RFB Offseason Roundtable

This is the first in what will be a recurring offseason series at RFB. Every week, we will discuss a new topic related to the Brewers and/or baseball. We also invite you, the reader, to post your own thoughts on each topic.

 

This week’s topic: Besides clinching the playoffs, what was your favorite moment of the season?

 

Joe

Wow. It’s incredibly difficult to pin down one moment of the ‘08 Brewers season that was my favorite or stands out the most to me. This is especially true if I can’t count making the playoffs or the post season. Now that I’ve had a few days to reflect a bit on this past season and think specifically about this question, there is one defining moment to me - When I found out the Brewers had officially traded for Mr CC Sabathia.

It wasn’t so much CC specifically that excited me. In fact, I wasn’t a huge fan or believer in CC coming into the year or even at that particular point in the season. I thought he was overrated and only won the 2007 Cy Young Award because AL pitching, in my opinion, wasn’t incredibly impressive last year. Yes that opinion quickly changed; however, that still isn’t the reason that moment stands out to me. It stands out because this was the small market Brewers making the blockbuster trade of the year.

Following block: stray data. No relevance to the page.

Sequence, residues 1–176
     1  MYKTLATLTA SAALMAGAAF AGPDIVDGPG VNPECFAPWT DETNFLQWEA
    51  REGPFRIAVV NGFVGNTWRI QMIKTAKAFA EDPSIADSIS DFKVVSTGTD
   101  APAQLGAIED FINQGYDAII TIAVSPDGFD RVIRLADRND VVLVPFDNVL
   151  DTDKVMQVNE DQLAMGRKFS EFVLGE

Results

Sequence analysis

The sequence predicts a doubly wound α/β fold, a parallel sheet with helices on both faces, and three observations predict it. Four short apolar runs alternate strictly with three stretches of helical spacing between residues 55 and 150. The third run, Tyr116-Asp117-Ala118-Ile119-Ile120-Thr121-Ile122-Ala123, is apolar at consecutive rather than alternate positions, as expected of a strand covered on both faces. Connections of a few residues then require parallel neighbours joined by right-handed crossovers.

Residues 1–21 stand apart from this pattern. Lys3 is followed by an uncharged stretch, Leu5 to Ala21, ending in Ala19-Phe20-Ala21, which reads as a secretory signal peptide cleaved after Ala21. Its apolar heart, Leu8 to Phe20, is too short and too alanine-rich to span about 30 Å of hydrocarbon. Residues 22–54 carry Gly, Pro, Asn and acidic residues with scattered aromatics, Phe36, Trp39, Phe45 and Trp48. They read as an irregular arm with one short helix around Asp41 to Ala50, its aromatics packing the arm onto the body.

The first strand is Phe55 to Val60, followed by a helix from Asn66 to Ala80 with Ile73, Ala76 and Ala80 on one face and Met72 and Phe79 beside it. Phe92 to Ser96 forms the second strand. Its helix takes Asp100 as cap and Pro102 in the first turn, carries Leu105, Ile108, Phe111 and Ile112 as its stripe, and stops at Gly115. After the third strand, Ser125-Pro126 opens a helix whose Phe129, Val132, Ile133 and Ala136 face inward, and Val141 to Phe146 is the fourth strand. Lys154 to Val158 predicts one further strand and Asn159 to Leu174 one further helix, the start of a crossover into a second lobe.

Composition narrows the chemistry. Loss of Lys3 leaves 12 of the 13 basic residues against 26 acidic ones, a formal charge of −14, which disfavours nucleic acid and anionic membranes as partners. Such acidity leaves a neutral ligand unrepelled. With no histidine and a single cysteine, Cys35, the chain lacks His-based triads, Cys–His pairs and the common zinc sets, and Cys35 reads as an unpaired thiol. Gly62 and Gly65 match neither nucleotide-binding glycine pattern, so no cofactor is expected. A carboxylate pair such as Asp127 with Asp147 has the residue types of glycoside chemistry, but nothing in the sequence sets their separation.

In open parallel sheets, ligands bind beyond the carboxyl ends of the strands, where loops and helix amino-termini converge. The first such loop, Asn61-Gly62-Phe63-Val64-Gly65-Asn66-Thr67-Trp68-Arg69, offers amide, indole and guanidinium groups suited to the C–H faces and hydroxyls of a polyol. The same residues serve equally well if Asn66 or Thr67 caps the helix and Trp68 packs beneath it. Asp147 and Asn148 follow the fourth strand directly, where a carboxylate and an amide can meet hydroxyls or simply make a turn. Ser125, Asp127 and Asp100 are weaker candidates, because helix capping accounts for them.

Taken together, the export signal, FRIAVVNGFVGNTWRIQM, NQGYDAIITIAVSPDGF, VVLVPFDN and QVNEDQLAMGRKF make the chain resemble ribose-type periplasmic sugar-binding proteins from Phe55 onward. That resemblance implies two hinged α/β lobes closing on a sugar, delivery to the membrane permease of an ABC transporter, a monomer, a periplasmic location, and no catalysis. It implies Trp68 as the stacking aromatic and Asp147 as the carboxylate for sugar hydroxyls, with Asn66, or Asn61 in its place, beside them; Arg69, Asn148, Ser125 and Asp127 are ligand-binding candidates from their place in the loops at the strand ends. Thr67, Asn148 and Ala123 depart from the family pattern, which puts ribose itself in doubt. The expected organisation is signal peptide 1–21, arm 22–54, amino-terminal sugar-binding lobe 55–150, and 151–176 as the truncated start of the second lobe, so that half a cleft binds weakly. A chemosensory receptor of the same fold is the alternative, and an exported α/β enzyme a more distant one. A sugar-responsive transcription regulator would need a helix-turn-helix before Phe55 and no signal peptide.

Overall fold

Not in my entire life do I recall such a trade made by the Crew. That moment, in my eyes, marked the beginning of a new and improved organization. Though the Crew will never be able to spend money like the Yankees and Cubs of the world, they are now viewed as serious contenders in my eyes. No longer will the Crew have to sell every big bat or arm their farm system produces. We have a “go getter” of an owner and one hell of a GM that I believe can do more with $80 or $90 million than most can with $150 or $200 million.

Though the season is over and disappointment lingers from the quick post season exit, I truly think this is a very exciting time to be a Brewers fan. Be excited fans! This team will be a contender for many years to come. Mark my words.

 

Tyler

Selecting one moment to be my favorite span of time of Milwaukee’s 2008 season is like being handed a pile of photographs of Rihanna and being asked to choose the one where she looks most gorgeous; it’s nearly impossible to select just one. I mean in the last two months alone, there was Braun’s game-winning grand slam, Prince’s walkoff homer, Gabe Kapler going into the stands to rob a homer/save a game, and that two week period where Jeff Suppan was hurt. Beautiful things were happening left and right.

But if shouldered with the daunting task of selecting just one piece of the season that stood out more than most others, or did so for different reasons, I would select April 23 when the Brewers faced the Phillies at Miller Park.

A Wednesday night game within the season’s first full month isn’t exactly the perfect stage for the memorable to take place, but this particular game brought Geoff Jenkins back to his old stomping grounds for the first time as a member of a different team. I think a lot of fans, even some of the the constantly booing casual fans, recognized what Jenkins did for and meant to so many terrible, terrible Brewer teams. I was glad RFB was on hand to honor him properly (See-Off Geoff), and it seemed like he was happy to have been treated so well by everyone. He had to step out of the batter’s box and acknowledge everyone in his first at bat, and I had never been witness to that.